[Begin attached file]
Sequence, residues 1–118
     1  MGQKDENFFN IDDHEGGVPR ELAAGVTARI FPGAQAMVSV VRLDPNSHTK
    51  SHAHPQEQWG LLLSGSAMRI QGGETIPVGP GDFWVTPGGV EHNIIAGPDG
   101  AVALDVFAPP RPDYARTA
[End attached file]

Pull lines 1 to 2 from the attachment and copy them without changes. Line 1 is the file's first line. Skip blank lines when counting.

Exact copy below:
Sequence, residues 1–118
     1  MGQKDENFFN IDDHEGGVPR ELAAGVTARI FPGAQAMVSV VRLDPNSHTK